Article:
When it comes to locksmithing, it is essential to hire a true professional. This means going with a locksmith who is both certified and licensed. Unfortunately, many people will hire someone they think has the right qualifications for performing the job only to face major problems because of poor qualify work.
To become a certified and licensed locksmith takes dedication and a lot of hard work. This individual completes specialized courses and gains experience while on the job. To better understand and appreciate the work that a certified and licensed locksmith offers, consider the type of training provided.
Because of the time, energy, and curriculum involved, anyone interested in becoming a licensed and certified locksmith needs to be fully committed to the process. However, once training is complete, this individual will have all the skills required to perform not just basic but also more complex locksmithing services.
Of course, a locksmith can continue his or her education to gain an even greater level of skill. Some people interested in becoming a master locksmith will spend years learning all the tricks of the trade and honing skills; in the end, it pays off in the way of happy customers, job stability, and a lucrative income.
Licensing and Certification Requirements
Keep in mind that licensing is not mandated by all states for locksmiths, so anyone interested in this field of work will first need to determine if this is in fact required. In addition, an individual must be at least 18 years of age, pass a certification examination when required, have a clean criminal history, and obtain a business license.
For locksmith training, a person has many different options, including vocational school, colleges, and accredited organizations. In fact, training can also be completed through a number of online programs. Because of this, the exact curriculum as part of training will vary to some degree. Examples of what to expect when learning to become a locksmith include:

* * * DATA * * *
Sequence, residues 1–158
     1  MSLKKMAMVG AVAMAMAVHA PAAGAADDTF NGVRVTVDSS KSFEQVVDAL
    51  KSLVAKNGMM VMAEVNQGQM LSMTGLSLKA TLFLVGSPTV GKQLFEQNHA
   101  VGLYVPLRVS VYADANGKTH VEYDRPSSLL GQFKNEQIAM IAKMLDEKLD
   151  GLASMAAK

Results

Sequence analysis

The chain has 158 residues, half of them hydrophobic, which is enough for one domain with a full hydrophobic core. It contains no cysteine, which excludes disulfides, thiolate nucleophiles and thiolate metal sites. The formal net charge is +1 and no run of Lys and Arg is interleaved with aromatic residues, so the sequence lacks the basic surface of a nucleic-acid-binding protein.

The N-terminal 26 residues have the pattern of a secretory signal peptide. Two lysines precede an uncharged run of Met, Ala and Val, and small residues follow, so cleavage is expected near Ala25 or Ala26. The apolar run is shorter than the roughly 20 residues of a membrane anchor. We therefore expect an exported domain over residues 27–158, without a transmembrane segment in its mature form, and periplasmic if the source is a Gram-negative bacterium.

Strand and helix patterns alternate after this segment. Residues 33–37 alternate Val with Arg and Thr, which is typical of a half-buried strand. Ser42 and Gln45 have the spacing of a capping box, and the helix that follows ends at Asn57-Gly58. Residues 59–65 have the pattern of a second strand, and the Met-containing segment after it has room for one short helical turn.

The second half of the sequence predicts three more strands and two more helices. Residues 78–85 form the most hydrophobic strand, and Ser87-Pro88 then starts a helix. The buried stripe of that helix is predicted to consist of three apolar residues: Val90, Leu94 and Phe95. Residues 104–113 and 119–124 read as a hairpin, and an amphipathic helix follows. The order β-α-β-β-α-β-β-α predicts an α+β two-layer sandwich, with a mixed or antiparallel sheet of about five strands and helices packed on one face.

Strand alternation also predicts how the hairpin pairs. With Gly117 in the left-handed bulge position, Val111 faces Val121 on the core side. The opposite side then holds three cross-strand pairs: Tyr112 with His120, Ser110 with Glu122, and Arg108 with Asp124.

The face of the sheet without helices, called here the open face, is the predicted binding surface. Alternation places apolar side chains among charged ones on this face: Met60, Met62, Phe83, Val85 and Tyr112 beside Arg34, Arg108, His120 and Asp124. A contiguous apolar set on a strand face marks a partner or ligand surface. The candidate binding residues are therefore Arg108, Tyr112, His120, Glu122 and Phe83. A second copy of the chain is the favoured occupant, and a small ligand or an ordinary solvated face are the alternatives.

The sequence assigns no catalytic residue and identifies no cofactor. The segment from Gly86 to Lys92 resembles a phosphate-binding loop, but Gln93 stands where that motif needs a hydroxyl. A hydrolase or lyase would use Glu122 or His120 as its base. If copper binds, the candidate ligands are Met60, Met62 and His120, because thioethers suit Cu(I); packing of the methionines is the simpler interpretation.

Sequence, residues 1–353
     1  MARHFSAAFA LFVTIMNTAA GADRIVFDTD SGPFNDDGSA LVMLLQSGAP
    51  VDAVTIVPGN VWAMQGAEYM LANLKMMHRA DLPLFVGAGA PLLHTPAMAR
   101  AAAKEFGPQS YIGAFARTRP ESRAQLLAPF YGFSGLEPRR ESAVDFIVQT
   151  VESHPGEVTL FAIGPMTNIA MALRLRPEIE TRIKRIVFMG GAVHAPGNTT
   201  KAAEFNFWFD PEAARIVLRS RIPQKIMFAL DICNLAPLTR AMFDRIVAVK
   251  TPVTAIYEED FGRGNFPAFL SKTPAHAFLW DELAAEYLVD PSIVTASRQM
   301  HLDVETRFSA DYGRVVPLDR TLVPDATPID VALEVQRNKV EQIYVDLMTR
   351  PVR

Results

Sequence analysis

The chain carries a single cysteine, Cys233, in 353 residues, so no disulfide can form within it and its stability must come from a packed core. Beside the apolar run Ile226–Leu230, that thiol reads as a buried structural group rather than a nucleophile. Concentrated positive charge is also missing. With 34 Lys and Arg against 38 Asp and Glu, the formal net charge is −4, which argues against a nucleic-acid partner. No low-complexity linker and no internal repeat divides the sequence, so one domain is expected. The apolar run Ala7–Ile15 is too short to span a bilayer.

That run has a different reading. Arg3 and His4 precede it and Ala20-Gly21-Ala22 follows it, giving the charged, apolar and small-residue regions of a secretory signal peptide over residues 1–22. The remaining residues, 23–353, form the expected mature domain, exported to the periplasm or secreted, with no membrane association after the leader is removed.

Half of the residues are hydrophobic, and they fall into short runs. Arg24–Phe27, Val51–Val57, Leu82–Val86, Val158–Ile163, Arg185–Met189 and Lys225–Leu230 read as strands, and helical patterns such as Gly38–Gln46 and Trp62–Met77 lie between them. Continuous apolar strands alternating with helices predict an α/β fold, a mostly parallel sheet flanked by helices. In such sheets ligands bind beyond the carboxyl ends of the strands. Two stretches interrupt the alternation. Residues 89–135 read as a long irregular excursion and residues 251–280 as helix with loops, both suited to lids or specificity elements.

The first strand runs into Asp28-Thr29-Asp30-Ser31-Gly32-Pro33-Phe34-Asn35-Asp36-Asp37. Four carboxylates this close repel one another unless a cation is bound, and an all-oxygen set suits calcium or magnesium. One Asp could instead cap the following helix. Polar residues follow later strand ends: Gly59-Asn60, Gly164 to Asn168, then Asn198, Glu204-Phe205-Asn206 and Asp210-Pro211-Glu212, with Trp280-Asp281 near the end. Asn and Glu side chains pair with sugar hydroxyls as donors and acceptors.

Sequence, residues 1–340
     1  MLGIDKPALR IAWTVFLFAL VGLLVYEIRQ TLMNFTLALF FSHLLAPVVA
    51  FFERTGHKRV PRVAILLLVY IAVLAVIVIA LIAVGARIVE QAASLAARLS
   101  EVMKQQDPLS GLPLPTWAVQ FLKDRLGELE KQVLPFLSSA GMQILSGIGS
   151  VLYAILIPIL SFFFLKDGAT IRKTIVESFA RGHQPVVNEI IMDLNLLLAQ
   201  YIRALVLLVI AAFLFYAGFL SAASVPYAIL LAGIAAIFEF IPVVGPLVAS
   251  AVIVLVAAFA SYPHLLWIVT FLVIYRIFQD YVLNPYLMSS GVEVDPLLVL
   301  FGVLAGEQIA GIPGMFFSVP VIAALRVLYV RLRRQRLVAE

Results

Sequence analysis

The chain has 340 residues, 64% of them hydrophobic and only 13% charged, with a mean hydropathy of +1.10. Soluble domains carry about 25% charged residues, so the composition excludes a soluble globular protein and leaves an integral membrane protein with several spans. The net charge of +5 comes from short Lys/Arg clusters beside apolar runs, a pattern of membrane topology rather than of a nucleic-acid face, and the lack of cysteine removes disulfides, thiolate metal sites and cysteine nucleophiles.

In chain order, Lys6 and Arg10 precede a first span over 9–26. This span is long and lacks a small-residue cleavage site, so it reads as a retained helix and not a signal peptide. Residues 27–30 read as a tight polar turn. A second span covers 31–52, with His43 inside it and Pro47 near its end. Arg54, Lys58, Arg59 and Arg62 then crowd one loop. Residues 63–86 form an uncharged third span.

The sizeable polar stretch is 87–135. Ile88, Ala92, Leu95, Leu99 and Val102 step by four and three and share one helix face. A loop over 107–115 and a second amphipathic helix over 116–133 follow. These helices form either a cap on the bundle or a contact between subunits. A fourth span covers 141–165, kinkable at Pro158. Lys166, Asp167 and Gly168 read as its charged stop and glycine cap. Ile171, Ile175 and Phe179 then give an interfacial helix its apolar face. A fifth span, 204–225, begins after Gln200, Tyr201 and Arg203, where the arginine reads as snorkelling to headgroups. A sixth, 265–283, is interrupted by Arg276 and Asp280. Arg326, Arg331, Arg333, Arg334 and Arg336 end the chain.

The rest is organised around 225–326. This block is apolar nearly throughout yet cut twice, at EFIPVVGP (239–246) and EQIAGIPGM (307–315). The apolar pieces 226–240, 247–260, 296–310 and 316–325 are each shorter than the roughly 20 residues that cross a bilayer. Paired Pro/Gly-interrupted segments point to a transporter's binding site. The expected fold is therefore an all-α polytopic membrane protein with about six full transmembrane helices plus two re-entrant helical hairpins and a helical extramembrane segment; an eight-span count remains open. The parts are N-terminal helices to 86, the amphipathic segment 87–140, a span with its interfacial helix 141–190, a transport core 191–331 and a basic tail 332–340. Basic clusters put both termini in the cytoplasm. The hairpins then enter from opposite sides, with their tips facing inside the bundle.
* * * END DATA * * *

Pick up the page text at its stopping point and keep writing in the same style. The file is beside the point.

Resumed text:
- Introduction to Locks and Keys
- Practical Exercise
- Lock Mechanisms
- Unit Materials
- Key Making and Rekeying
- Home and Business Security
- Automotive Locks
- Panic Hardware and Electric Locks
- Safes and Vaults
For example, an individual will perform hands-on training that includes things like duplicating keys using both hand and machine methods and installing, troubleshooting, and maintaining door, auto, and window locks, as well as safes, vaults, panic hardware, and security devices.
Other hands-on training covers methods of opening locks without the use of keys, electronic security and the right way to design and program alarm system programs, and more. In addition to this curriculum, a locksmith in training will learn better eye-hand coordination, which is imperative for this industry; learn the importance of checking things twice; and gain confidence in finding solutions to complex problems.
With the right level of training, a person will have all the knowledge needed for an exciting and successful career. By completing additional training, even more opportunities will open up.